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OTM Editor's Poll: Top Submission Grapplers for November

    Mon, 2006-11-13 03:13 — Gumby

    We are announcing the OntheMat Editors Poll to help keep track of the very best Professional No-Gi Submission Grapplers.

    Who are the BEST Grapplers in the World?

    It started off with a question posed on one of the forums, about who the “Best” American No-Gi submission grapplers were. A lot of names were thrown around; I had a different tact, there are certainly a lot of fine American grapplers around, however by definition the best should be the lone person that stands on top of the mountain, so to speak.

    As there are so many different organizations and events in which grapplers can participate in, it is difficult to decide a true #1. Thus we are announcing the OntheMat Editors Poll to help keep track of the very best Professional No-Gi Submission Grapplers. This list is purely subjective, but highly informed, and will be updated from month to month.

    The best example we have currently of a world champion would be the ADCC (Abu Dhabai) Submission Grappling Championships thus we will use their weight classes for simplicities sake. AS it currently stand, the champions of the last ADCC are all considered to be the best grapplers in world in their respective categories.

    World’s Best Grappler’s

    67K: Leo “Leozinho” Viera
    76K Marcelo Garcia
    87K Ronaldo “Jacare” Souza
    99K Roger Gracie
    99K and over: Jeff Monson

    Leo Viera defended his title in 2005 as the best grappler in the world at 67K –despite having a severely broken foot. It took him time to recover, he next participated at the Rickson Gracie Budo challenge (gi) a few months later and although he won, he didn’t quite look up to usual high standard. He next participated in PSL’s LA Sub X and put on an absolute clinic showing why many consider him to be pound for pound the most exciting grappler on the planet. Leozinho’s next plans are not revealed yet, but we hope it’s not too long before we see him back on the scene.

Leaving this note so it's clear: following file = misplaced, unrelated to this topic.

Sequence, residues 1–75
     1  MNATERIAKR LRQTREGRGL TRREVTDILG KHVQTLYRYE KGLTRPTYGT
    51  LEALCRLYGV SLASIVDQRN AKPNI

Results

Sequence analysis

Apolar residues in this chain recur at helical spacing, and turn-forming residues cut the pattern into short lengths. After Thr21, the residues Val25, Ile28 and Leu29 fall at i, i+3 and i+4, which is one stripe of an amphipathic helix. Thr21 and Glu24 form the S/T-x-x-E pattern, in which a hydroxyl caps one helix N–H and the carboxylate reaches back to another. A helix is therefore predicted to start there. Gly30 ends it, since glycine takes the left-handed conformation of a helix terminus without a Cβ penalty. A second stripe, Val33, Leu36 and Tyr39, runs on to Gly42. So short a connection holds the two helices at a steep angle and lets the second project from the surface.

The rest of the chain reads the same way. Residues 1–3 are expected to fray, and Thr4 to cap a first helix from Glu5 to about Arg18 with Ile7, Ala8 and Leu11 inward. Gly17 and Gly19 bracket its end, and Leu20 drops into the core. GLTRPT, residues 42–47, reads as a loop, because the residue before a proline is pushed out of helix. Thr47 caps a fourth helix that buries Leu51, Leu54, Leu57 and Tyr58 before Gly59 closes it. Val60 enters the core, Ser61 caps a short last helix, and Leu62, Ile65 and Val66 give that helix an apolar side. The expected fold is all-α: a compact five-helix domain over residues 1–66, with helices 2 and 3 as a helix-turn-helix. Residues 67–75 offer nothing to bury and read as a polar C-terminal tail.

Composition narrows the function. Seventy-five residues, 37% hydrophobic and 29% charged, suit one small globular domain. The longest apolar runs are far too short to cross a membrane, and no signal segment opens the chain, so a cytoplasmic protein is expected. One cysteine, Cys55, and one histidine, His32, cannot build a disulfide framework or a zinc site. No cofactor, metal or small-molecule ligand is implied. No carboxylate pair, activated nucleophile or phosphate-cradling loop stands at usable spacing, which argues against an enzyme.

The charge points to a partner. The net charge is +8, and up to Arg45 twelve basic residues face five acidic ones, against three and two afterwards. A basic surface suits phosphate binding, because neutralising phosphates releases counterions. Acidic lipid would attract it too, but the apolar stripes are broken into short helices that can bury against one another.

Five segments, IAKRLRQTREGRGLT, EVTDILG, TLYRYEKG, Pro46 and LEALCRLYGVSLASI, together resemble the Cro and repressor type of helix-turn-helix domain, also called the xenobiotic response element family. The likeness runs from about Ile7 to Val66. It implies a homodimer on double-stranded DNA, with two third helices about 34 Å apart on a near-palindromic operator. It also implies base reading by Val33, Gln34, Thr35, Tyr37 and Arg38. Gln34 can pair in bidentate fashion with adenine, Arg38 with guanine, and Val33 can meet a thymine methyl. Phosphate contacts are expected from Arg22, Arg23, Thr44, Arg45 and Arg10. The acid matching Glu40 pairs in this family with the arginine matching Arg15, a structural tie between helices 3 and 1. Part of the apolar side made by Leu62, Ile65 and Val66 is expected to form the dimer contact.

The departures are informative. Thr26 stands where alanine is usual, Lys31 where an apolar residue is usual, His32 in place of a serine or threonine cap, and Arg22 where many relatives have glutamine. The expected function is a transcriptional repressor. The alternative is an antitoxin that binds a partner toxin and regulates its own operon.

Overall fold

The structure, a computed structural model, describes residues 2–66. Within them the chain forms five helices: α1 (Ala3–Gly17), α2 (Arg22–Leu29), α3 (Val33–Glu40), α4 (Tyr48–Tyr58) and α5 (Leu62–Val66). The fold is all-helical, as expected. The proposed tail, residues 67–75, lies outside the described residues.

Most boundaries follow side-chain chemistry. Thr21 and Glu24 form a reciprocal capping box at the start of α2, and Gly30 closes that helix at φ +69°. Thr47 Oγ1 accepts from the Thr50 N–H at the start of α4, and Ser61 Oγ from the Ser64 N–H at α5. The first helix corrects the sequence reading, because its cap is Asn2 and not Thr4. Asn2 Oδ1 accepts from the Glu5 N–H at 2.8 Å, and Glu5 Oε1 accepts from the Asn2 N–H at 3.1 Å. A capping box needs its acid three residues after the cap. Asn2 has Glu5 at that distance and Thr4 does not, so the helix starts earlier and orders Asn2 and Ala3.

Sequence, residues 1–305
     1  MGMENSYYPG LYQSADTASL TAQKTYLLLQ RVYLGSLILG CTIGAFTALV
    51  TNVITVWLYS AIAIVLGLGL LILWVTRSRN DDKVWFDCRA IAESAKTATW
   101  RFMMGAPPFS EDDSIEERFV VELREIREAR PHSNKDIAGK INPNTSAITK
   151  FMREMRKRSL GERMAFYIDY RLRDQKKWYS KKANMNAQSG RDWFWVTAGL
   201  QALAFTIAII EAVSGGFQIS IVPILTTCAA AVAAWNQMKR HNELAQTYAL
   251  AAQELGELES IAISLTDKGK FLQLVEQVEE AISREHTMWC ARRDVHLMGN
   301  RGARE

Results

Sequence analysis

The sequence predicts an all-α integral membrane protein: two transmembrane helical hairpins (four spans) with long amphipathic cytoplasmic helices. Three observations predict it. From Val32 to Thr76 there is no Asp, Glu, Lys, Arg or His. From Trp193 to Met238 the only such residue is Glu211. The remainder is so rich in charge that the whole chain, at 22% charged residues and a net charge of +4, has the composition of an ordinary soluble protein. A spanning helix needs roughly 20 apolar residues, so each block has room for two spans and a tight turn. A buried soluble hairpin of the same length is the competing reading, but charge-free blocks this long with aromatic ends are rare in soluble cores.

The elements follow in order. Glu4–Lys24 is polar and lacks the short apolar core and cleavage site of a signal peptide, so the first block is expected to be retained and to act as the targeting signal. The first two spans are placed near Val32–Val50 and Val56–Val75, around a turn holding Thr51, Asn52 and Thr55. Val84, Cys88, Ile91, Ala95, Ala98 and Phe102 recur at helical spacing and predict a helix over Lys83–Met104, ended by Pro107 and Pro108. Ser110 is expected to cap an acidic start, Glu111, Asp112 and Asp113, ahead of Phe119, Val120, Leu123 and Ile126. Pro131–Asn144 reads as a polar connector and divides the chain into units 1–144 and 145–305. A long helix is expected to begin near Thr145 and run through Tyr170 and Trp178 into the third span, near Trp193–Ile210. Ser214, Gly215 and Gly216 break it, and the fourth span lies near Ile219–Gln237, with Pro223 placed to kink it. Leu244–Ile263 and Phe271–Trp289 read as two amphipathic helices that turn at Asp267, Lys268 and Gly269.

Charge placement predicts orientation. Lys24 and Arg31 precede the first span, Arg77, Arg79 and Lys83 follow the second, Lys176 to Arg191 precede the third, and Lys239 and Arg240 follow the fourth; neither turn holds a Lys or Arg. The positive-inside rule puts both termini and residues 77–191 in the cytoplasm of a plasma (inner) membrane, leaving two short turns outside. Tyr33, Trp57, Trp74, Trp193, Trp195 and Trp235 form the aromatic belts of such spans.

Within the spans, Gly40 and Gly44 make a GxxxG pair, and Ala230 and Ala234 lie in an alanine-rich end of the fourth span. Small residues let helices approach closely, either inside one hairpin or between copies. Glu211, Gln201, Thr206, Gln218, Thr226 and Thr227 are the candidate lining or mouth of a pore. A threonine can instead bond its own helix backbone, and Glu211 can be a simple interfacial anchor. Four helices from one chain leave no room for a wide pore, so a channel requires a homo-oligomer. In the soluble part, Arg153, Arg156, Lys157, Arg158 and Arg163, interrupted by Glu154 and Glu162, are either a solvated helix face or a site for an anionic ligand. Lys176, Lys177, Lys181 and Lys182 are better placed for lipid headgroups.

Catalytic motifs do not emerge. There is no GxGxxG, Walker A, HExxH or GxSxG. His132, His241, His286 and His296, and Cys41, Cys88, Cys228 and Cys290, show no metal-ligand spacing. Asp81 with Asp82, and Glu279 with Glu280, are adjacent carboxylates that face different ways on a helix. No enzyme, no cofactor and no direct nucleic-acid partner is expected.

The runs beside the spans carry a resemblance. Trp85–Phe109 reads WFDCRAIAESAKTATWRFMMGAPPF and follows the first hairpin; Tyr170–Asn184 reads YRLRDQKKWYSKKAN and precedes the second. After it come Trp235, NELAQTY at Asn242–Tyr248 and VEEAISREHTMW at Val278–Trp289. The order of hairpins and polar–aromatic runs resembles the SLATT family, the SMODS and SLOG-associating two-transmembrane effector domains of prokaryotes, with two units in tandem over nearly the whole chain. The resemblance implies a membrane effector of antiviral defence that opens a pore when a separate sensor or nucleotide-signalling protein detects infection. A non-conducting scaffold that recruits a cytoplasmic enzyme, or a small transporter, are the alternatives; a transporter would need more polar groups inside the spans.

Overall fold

Marcelo Garcia may be the most talked about man in submission grappling right now. His title run at ADCC 2003 revolutionized the game with both his X-guard and more importantly his back control, and he repeated his effort in 2005. He is among the most active grapplers on the list, taking on all challenges, great and large and almost always emerging victorious. Marcelo recently relocated to New York to teach. He is uninterested in MMA unless the offer is “very lucrative”. He will be taking on Jake Shields this Friday at PSL’s X-Mission

    Ronaldo “Jacare” Souza is an absolute terror with the gi on, and earned the title of OTM’s BJJ Player of the year in 2004. In 2003 he took second at the ADCC championships, however in 2005 he came back to win the title and take second in the absolute. The 2x defending Mundial BJJ Absolute champion, Jacare sat out this year to concentrate on his MMA career. Jacare will be taking on former UFC Champion Randy Couture at PSL’s X-Mission (submission grappling) this Friday.

    Roger Gracie is unofficially the new champion of the Gracie family, and the OTM Submission Grappler of the year 2005. His performance at ADCC 2005 in ending 7 of 8 matches by submissions surely ranks among the greatest feats in our young sport. Roger is more active on the BJJ circuit (he is a three time runner up in the Mundials Absolute Title) an will make his MMA debut at Bodog Fights on December 2nd against Ron Waterman.